Legalized pot in Colorado troubles Mead

Sep 12, 2013 By Ben Neary, The Associated Press

The governor is concerned about smuggling and increased consumption in Wyoming.

DENVER -- Wyoming Gov. Matt Mead's says he's concerned about increased trafficking in his state as Colorado prepares to allow the sale of recreational marijuana to the public.

Colorado released rules Monday covering licensing, tracking, packaging and advertising of recreational marijuana sales. Colorado officials, wary of federal sanctions, have emphasized the marijuana must be consumed in-state.

But Mead, a former federal prosecutor, said Wednesday that he remains concerned about drug smuggling into his state and increased impaired driving.

"Since I knew they were going this direction, I've expressed concerned about it, in terms of how it will impact Wyoming citizens and Wyoming law enforcement," said Mead, who previously served as U.S. Attorney for Wyoming. He said he hasn't reviewed the new Colorado rules.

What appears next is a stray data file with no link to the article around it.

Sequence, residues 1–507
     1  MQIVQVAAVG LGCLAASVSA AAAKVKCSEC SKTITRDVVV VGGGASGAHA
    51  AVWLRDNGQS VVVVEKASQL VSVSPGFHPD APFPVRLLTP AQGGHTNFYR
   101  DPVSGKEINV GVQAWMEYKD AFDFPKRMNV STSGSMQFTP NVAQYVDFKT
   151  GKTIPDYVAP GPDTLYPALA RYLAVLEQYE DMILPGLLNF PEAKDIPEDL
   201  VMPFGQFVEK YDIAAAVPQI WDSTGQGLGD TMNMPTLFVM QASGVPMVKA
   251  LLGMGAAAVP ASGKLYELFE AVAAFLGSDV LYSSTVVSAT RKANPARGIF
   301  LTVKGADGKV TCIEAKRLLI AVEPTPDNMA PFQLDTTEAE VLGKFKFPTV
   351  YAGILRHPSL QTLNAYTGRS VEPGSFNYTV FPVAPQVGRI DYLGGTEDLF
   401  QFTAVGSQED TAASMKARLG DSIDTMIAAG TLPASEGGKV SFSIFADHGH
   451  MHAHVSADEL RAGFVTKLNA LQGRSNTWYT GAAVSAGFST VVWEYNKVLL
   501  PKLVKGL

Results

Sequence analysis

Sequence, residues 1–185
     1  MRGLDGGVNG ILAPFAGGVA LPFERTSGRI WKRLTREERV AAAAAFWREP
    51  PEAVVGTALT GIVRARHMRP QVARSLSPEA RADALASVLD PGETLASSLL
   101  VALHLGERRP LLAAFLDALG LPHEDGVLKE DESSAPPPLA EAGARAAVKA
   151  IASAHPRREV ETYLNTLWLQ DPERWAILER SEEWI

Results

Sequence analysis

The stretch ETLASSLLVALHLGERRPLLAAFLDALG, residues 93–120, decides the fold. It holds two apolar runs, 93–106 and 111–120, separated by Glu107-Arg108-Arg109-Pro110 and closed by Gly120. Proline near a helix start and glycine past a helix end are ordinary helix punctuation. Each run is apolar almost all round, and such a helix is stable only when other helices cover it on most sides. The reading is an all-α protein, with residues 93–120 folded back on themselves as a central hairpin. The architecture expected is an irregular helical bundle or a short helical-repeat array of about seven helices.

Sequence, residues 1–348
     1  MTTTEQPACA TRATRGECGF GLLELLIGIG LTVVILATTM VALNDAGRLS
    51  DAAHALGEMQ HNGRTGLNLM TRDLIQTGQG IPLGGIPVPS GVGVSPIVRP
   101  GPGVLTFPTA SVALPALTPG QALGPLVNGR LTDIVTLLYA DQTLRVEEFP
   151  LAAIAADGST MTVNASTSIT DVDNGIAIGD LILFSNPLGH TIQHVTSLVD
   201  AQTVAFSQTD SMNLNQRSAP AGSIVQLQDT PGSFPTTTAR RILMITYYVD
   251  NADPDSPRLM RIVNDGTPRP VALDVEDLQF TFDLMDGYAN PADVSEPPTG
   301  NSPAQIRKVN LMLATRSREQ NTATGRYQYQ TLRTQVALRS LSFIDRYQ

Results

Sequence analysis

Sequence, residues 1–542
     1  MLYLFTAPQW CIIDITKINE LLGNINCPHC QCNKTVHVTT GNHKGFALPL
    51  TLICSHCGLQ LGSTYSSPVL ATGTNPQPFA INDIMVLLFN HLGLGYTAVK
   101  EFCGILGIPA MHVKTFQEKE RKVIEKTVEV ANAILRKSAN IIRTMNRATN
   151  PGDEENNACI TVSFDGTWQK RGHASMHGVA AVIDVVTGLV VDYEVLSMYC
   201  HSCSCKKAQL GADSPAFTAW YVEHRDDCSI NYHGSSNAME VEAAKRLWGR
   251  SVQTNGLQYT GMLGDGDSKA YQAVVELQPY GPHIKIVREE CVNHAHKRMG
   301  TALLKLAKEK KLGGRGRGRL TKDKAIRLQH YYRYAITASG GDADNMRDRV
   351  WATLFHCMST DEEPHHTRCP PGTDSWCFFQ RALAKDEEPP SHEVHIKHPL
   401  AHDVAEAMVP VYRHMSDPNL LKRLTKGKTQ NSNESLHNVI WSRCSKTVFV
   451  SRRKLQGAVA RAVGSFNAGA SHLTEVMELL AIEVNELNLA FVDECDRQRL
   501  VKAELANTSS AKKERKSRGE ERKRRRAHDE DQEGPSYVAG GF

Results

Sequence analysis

Mead said he's talked to law enforcement in Wyoming and Colorado about recreational pot sales set to begin as soon as Jan. 1. Under the rules, Colorado residents over 21 can buy up to 1 ounce of marijuana while those who don't show Colorado identification can buy a quarter-ounce.

The U.S. Justice Department last month announced that Colorado and Washington can go their own way without federal interference as long as they implement enforcement systems intended to keep marijuana in-state and preventing drugged driving. The drug remains is illegal under federal law.

As a prosecutor, Mead said he saw traffic stops on interstate highways that led to some very large drug cases.

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